The Fall As A Composite Narrative -- By: William Wallace Martin
BSac 60:237 (Jan 1903) p. 84
The Fall As A Composite Narrative
The tradition of Eden as it has been kept in the Hebrew Scriptures, is fraught with the profoundest teachings; at least so it is thought by Christian teachers and theologians. Yet on the face of the narrative, as we read it in Genesis, strangest incongruities obtrude themselves. Dr. Marcus Dods sets them out in clearest language. He says: “The narrative throughout speaks of nothing but the brute serpent; not a word is said of the devil, not the slightest hint is given that the machinations of a fallen angel are signified. The serpent is compared to other beasts of the field, showing that it is the brute serpent that is spoken of. The curse is pronounced on the beast, not on a fallen spirit summoned for the purpose before the Supreme; and not in terms which could apply to a fallen spirit, but in terms that are applicable only to the serpent that crawls.”1 Without question, each characteristic indicated in this quotation is present in the narrative as we have it in Genesis. Expositors require exactly what is not in the narrative, in order to confirm their interpretations; and they are obliged to excuse on various pleas the literal serpent, his change from the upright to the crawling being, his eating of the dust.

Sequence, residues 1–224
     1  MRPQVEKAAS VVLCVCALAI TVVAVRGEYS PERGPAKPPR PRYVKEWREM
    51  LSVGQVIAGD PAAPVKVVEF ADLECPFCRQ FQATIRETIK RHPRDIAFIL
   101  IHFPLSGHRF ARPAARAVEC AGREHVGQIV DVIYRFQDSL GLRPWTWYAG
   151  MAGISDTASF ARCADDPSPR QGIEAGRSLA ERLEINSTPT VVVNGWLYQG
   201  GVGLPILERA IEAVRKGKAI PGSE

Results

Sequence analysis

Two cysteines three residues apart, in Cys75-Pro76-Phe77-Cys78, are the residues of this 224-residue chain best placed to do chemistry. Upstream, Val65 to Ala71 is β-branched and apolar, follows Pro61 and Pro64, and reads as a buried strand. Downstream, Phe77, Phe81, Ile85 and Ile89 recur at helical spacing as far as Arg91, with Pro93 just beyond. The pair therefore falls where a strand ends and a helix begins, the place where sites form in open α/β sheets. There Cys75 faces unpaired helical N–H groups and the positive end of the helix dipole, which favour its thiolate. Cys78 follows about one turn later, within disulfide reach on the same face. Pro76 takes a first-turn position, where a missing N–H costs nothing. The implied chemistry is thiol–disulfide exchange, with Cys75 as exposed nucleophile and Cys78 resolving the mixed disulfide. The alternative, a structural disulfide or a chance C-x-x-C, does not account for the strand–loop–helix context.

Such incongruities would be pardonable in Grimm’s fairy tales, but scarcely commend themselves in the weighty narratives of Scripture. The critical exegete has relegated the Eden-story to the realm “of marvel and myth.” And
BSac 60:237 (Jan 1903) p. 85
the higher critic follows the same path, Wellhausen says: “The garden of Deity is, however, on the whole somewhat naturalized (in the Hebrew narrative). A similar weakening-down of the mythic element is apparent in the matter of the serpent; it is not seen at once that the serpent is a demon. Yet parting with these foreign elements has made the story no poorer, and it has gained in noble simplicity [he should have written, in childlike grotesqueness]. The mythic background gives it a tremendous brightness; we feel that we are in the golden age when heaven was still on earth; and yet unintelligible enchantment is avoided [!], and the limit of a sober chiaroscuro is not transgressed.”2 Lugging all this stuff into this early narrative, makes it evident that the higher critic is no less a special pleader than the accomplished theologian.
Consistency even in a mythic fable requires that the speaking serpent have the crawling mode of locomotion, without any suggestion of an upright form; and a national tradition alone could admit a demon-serpent, having form not unlike that of th...
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